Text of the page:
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Mar 10

Simplify, Don’t Dumb It Down: the art of getting to the point while respecting your audience

By Jonas Calsbeek, WSU Vancouver Neuroscience student

“An alleged scientific discovery has no merit unless it can be explained to a barmaid.”

-Ernest Rutherford, Nobel Prize winner (1908)

This statement describes the difficulty that scientists face when attempting to explain their research to the general public. Not only is it important to understand complex chemical and physical processes for research, but it is equally as valuable to effectively communicate these concepts to a lay audience. There are two fundamental goals that everyone should strive for when they interact with the media or general public:

  1. Simplify the topic as much as possible (without losing meaning)
  1. Speak in sound bites (to avoid misinterpretation)
http://theservicecoach.com/

http://theservicecoach.com/

Simplification can be accomplished by explaining a complex topic to a child. The phrase “Explain it to me like I’m a 5-year-old” refers to this concept because it illustrates the benefit of removing unnecessary jargon when talking to a child. While this strategy can be beneficial, the scientist should also be very careful to avoid using condescending language and/or phrasing that results from “dumbing down” the important information. The removal of complicated scientific jargon can be extremely difficult when describing research, but it is imperative when educating others outside of the field or when attempting to gain the financial support of federal funding agencies.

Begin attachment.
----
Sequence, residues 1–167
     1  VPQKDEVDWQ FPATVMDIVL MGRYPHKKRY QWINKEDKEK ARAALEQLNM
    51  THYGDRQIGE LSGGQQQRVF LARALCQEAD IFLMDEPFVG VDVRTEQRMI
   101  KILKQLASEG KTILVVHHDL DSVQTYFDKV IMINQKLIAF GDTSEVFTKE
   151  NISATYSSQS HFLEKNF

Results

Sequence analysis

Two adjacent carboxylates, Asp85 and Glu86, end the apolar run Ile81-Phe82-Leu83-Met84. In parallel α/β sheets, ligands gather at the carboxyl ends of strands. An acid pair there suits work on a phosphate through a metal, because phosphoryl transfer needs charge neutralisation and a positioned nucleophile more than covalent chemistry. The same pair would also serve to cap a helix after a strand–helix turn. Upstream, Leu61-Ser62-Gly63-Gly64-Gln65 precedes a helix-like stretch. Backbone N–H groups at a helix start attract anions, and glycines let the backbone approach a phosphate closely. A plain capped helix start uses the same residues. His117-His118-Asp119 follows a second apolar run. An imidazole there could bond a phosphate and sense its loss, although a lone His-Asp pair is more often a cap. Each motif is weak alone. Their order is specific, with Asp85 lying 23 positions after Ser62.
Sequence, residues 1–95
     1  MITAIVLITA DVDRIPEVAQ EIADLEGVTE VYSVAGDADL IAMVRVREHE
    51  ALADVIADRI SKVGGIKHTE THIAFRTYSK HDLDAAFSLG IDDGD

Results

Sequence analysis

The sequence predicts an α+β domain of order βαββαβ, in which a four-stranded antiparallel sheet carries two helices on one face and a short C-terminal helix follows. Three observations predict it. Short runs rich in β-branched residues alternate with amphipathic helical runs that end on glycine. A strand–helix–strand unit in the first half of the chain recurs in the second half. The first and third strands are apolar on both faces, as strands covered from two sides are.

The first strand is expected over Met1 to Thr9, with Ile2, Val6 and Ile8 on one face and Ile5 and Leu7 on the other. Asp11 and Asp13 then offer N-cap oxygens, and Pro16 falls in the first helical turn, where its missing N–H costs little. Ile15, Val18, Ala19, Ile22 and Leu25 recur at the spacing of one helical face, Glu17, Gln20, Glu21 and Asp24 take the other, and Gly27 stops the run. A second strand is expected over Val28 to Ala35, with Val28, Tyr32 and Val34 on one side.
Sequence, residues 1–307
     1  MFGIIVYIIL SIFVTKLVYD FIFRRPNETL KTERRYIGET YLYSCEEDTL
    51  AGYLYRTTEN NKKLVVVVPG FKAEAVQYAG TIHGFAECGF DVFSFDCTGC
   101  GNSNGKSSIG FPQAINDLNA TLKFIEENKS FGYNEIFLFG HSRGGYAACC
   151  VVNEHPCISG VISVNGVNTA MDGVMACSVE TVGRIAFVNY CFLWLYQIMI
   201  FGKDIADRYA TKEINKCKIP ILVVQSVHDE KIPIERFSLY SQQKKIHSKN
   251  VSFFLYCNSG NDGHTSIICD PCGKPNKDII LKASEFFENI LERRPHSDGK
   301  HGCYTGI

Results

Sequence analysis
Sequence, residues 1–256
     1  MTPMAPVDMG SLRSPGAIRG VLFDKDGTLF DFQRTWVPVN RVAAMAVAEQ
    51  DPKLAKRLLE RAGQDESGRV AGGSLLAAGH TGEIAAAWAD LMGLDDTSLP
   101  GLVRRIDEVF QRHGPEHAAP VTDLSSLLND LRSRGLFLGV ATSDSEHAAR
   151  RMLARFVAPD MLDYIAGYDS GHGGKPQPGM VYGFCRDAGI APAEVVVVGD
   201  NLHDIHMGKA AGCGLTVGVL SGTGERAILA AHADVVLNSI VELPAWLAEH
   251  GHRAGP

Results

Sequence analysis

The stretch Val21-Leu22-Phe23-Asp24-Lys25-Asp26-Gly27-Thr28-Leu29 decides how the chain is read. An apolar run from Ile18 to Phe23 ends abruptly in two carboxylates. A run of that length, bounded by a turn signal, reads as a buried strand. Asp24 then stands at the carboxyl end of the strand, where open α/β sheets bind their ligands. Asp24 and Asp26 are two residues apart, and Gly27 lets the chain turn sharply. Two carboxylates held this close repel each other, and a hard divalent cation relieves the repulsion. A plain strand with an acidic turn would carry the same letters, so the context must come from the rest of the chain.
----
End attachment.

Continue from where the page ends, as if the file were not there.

Figure 2 http://informationillustration.com/portfolio/sound-bite/

Figure 2 http://informationillustration.com/portfolio/sound-bite/

Sound “bites” are effective ways to communicate ideas or topics, and they are usually so “tasty” that they provoke further conversation or inquiry. These rich and tiny tidbits of information are usually distilled from years of research and pages of literature to convince a new reader or listener to seek more information. Journalists have a tendency to reduce large amounts of information down to only a few sound bites, so it can be very important to have some of these ready to go at a moment’s notice. If all you provide is a sound bite, reporters have a much harder time misrepresenting what you wanted to say. Neil Degrasse Tyson, the director of the Hayden Planetarium in New York, has perfected this strategy and he describes the anatomy of a sound bite.

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